Is Calgary’s Pigeonhole Really the Best Restaurant in Canada?
Contributing Editor Julie Van Rosendaal finds out.
If back in 2007, when chef/restaurateur Justin Leboe first moved to Calgary, someone had told him that less than a decade later he’d open a restaurant with a menu that was 50 percent vegetarian, and 60 percent of the fresh produce would be sourced from urban gardens, he wouldn’t have believed it.
“It’s a testament to where this city is at,” Leboe says of the menu at Pigeonhole, which includes 36 items, ranging from sea urchin to beef heart, half of which are vegetarian.
Earlier this fall, Pigeonhole placed first on enRoute magazine’s annual Best New Restaurants list—the third time Leboe made it onto the list, but his first time at the top. An extension of the uber-successful Model Milk, Pigeonhole is all about small plates, with a focus on socializing and sharing.
“It had to be the right concept,” Leboe says. “I was worried about opening something that was going to cannibalize Model Milk, and I didn’t want to open a breakfast joint. I feel like there’s a generational shift away from 15-course tasting menus—it’s just a sign of the times. People don’t want to go out and sit down for formal meals.”
During the first year Model Milk was open, 90 percent of the orders were coming in at seat 9—restaurant speak for sharing (there is no seat 9)—which made Leboe wonder if they were on the cusp of a new way of eating out. The space next door had been vacant for years; Leboe and his partners wanted a place you could stop in for a quick drink, or have the option of sticking around for the entire evening. They tossed around the idea of tapas, and of focusing one particular type of food, until someone questioned why they would limit themselves to one ethnicity—or pigeonhole themselves. It became a working name that stuck.
“It evolved into you choose your own adventure,” Leboe says. “The restaurant will not allow itself to be pigeonholed.”
The space is cozy and hip, with a long table in the raised half level of the restaurant, where chefs assemble and prep, making it feel as if you’re in a home kitchen. Mismatched plates are piled high underneath—a collection that took years to accumulate. The vinyl is as well-curated as the list of high-end wines by the glass. They’ve managed to create a unique series of details that people come to feel like they want to be a part of.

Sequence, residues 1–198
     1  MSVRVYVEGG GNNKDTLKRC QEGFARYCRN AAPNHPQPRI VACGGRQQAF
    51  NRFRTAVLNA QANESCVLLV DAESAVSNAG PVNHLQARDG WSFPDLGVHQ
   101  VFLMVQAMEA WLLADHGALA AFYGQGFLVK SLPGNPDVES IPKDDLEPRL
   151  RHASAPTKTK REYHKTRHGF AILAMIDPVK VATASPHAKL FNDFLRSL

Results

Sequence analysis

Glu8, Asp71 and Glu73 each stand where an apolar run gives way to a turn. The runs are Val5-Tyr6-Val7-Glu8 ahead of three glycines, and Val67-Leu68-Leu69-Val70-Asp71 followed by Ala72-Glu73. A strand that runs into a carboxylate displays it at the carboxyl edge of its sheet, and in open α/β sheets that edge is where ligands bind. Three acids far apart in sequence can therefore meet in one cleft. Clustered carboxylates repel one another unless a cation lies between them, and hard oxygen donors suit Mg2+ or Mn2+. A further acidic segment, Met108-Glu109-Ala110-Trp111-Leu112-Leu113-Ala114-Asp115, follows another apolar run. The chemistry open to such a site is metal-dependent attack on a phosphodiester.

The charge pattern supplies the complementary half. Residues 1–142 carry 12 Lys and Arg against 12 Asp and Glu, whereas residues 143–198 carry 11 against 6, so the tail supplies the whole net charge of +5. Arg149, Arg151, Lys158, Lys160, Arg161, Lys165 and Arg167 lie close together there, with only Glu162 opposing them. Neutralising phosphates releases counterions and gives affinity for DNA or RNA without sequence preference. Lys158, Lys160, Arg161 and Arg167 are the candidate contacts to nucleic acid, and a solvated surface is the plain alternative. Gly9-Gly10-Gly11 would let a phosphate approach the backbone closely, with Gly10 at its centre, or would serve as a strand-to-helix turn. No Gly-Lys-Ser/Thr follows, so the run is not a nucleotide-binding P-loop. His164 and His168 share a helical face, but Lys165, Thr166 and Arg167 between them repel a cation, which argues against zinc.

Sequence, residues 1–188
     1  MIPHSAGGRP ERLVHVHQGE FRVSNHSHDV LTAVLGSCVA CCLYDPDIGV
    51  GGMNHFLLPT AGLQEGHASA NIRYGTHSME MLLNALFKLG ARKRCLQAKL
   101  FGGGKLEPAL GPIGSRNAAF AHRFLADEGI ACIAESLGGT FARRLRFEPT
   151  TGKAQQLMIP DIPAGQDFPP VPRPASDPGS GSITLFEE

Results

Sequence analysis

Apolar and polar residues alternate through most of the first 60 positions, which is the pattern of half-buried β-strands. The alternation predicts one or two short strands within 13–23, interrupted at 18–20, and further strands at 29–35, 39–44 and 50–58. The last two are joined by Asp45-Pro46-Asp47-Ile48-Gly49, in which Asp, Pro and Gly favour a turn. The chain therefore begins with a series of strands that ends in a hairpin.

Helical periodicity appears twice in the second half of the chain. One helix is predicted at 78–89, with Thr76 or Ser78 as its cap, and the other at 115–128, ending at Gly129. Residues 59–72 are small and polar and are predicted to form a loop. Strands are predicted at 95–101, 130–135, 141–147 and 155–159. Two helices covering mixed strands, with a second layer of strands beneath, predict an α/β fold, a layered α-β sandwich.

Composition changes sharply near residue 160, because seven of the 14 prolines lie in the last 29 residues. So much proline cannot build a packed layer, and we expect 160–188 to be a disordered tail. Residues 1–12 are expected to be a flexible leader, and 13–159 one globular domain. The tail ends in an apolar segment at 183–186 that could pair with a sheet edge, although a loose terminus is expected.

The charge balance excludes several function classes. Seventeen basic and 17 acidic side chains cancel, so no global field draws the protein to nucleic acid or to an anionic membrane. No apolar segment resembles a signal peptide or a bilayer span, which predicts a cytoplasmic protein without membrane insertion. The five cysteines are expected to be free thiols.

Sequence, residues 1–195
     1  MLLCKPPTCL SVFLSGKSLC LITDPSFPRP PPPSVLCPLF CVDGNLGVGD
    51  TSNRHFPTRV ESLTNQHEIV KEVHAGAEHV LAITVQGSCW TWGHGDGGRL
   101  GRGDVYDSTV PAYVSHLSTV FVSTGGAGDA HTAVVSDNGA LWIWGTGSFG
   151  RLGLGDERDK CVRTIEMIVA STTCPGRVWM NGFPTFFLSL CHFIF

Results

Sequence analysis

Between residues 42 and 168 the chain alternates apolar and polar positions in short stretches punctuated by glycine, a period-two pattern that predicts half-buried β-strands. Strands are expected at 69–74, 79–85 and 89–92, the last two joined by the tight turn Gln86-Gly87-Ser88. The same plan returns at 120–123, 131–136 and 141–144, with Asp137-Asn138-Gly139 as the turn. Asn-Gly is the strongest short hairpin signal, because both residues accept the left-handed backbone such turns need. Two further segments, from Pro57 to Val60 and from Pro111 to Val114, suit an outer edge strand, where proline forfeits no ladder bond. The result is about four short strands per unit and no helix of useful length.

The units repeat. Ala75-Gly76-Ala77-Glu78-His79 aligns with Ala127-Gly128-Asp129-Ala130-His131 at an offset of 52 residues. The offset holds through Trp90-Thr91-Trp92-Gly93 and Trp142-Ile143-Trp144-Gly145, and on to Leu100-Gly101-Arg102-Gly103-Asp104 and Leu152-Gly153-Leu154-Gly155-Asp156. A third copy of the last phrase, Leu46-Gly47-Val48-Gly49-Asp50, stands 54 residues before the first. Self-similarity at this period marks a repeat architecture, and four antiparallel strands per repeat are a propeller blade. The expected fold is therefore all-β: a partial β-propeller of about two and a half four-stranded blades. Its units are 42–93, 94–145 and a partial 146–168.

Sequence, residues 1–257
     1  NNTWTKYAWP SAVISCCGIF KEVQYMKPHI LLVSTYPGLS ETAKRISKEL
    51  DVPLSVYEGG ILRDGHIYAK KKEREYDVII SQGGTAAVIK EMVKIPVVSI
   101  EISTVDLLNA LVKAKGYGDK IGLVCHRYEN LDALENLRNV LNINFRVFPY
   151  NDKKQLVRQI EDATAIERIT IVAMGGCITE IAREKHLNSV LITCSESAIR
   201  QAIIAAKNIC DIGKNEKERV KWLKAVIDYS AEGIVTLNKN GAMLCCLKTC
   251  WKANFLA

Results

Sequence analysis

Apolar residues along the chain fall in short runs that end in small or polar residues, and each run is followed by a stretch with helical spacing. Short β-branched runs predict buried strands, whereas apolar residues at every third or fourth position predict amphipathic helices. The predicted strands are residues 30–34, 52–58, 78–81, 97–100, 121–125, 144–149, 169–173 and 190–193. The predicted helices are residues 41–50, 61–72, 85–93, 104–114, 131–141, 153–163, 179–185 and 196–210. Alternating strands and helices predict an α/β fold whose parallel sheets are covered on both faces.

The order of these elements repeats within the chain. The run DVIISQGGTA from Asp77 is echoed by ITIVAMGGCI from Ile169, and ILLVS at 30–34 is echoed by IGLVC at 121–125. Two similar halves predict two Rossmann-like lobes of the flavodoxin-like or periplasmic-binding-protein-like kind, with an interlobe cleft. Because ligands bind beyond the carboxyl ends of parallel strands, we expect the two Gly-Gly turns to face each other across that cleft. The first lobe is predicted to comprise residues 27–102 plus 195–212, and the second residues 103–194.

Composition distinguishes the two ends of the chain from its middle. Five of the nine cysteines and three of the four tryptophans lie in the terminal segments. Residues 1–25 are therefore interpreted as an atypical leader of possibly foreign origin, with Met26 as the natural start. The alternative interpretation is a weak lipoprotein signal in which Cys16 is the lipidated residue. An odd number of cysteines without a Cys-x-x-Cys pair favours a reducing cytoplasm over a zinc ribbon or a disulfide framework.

“Chefs and restaurateurs of this generation open restaurants that reflect their tastes and personalities,” Leboe says of his decades-long stint cooking in fine dining kitchens, and the space that he feels finally reflects who he is and what he wants to do. “Restaurants of that generation reflected a formula of what a good restaurant had. I wanted to open a place that gave me the freedom to do what I wanted to do: to barbecue ribs and put them on the same menu as fried chicken and waffles and terrine and apple pie. You have more freedom to do stuff like that in a restaurant like this. You don’t have to worry about preconceived expectations.”
It is in spirit a snack bar, Leboe says, but it has come to be much more in terms of how people use the restaurant. “You can come in and do a tasting menu by virtue of the course sizes, or you could come in with a bunch of friends and order things to eat family style—it’s really formatted for whatever you want to use it for. It’s for sharing.”
They open at 4 p.m., and stay open late—and are always busy, with customers of all ages, from all generations. “People have higher expectations—less mass produced, more interesting, more artisanal,” Leboe says. “Its fun, we use the same ingredients and techniques, we just take the pretense out of them. That’s something that has served the restaurant well,” Leboe says. “We’re not dictating the terms to anyone.”
“We’re not just offering meals, we’re offering an experience,” Leboe says as the restaurant bustles with activity, preparing to open for the evening. “You’re part of something, you’re not just sitting at a table eating dinner. The food has to be good, but without the rest of it, it doesn’t matter. You create this sense that it’s a dinner party—the focus is the whole experience, not just what’s on the plate.”